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Data Centers, Telecommunications Facilities Handbook Chapter Updates

Data Centers, Telecommunications Facilities Handbook Chapter Sees Another Round of Extensive Updates

 From eSociety, April 2019

By: Robert E. McFarlane, Member ASHRAE
Handbook Chair for TC 9.9, Mission Critical Facilities, Data Centers, Technology Spaces and Electronic Equipment
Voting Member for SSPC 90.4, Energy Standard for Data Centers

Data center technologies change so rapidly that extensive updates are needed on the four-year Handbook cycle.

The “Data Centers and Telecommunications Facilities” chapter in the 2015 ASHRAE Handbook—HVAC Applications was totally rewritten to correspond with the Datacom Series from TC 9.9, Mission Critical Facilities, Data Centers, Technology Spaces and Electronic Equipment.

The 2019 update to the Handbook continues to follow that format.  

Since the 2015 Handbook, two new books in the Datacom series have been published, bringing the total to 13. This information is summarized in Chapter 20, which was formerly Chapter 19.

Server Efficiency – Metrics for Computer Servers and Storage, consolidates information on current server and storage subsystem energy benchmarks.

IT Equipment Design Impact on Data Center Solutions, provides guidance in making data center infrastructure equipment selections and design configurations.

Three other books in the Datacom series have been revised with new editions published. This information is now included in the Handbook chapter.

Thermal Guidelines for Data Processing Environments, 4th Ed., includes the dramatically expanded humidity range resulting from ASHRAE research. This proved far lower humidity levels can be maintained than have been industry practice for decades without concern about static generation and discharge.  

The resulting change in the thermal envelope provides opportunities for enormous energy savings. Both tabular and psychometric chart formats of the new ranges are included in the revised chapter.

IT Equipment Power Trends, 3rd Ed., now extends to 2025 based on the latest information from leading datacom equipment manufacturers to help datacom facility designers more accurately predict future equipment loads.  

The growth rate charts and graphs in the Handbook chapter are more complete than in previous editions.

Liquid Cooling Guidelines for Datacom Equipment Centers, 2nd Ed., includes a revised table showing new liquid cooling classifications and temperatures, made necessary by the steadily climbing rack heat loads which air cooling can no longer handle in a growing number of high performance and high density data centers.

One of the most significant changes is the inclusion of ANSI/ASHRAE Standard 90.4, Energy Standard for Data Centers. The standard was published in 2016 and has been updated with two addenda.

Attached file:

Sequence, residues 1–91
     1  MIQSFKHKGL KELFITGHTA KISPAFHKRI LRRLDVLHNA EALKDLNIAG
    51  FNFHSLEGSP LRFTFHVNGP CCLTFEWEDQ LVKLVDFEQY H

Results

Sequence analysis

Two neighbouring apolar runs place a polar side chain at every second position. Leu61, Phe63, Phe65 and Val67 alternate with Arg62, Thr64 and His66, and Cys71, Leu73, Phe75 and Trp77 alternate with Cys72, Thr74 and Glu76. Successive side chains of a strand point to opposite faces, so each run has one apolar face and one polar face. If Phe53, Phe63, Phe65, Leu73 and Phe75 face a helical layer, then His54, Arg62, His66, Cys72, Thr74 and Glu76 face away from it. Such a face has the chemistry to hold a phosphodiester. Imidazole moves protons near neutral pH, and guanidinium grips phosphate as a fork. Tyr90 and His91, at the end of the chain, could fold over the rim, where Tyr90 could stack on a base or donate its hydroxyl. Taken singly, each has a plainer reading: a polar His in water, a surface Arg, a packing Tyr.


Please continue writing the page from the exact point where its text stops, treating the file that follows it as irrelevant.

Written as a non-prescriptive “sister” to Standard 90.1, Energy Standard for Buildings Except Low-Rise Residential Buildings, it provides new metrics for assessing data center energy efficiency in the design stage.  

This ensures that the best available practices can be used consistent with achieving reliability within the space, climate and budget realities of the project, and easily demonstrated to the AHJ.

Next, the issue of contamination has also been updated to reflect ASHRAE-sponsored research, showing that silver corrosion is a better indicator of gaseous contamination effects than the previously accepted method of copper corrosion. This is a very significant difference for data centers located where air pollution and humidity are high.  

Also noted are concerns about particulate contamination from suspended ceilings and zinc whiskers formed on electro-galvanized metals, particularly when used in air return plenums.

The following updates have been made and included in the chapter:

  • Emphasis on raised access floors has been reduced, particularly as a means of conveying cooling air, although it does recognize newer types of airflow tiles and dampers. Further considerations are added for overhead infrastructure installations, particularly regarding ducted air delivery. The importance of CFD modeling of air flow design has been emphasized, along with cautions about the limitations of modeling, particularly if not done by experienced users.
  • There is an expanded discussion of backup power systems, with lithium-Ion batteries added as a consideration for UPS systems.
  • There are also precautions about the exposure of backup generators, primary switchgear and busduct to natural disasters.
  • Extreme density hard disk drives have become more vulnerable to vibration, which can be from other equipment or gas fire protection discharge.
  • Information on both LED and PoE-driven lighting has also been added to further energy efficiency.
  • Information on use of the Power Utilization Efficiency or PUE™ metric developed by The Green Grid has been expanded, as well as on their Water Utilization Effectiveness or WUE™ metric, since water availability is becoming a greater concern in more regions.
  • And lastly, the chapter expands the discussion of economizers, particularly adding information on the new refrigerant-side economizer option.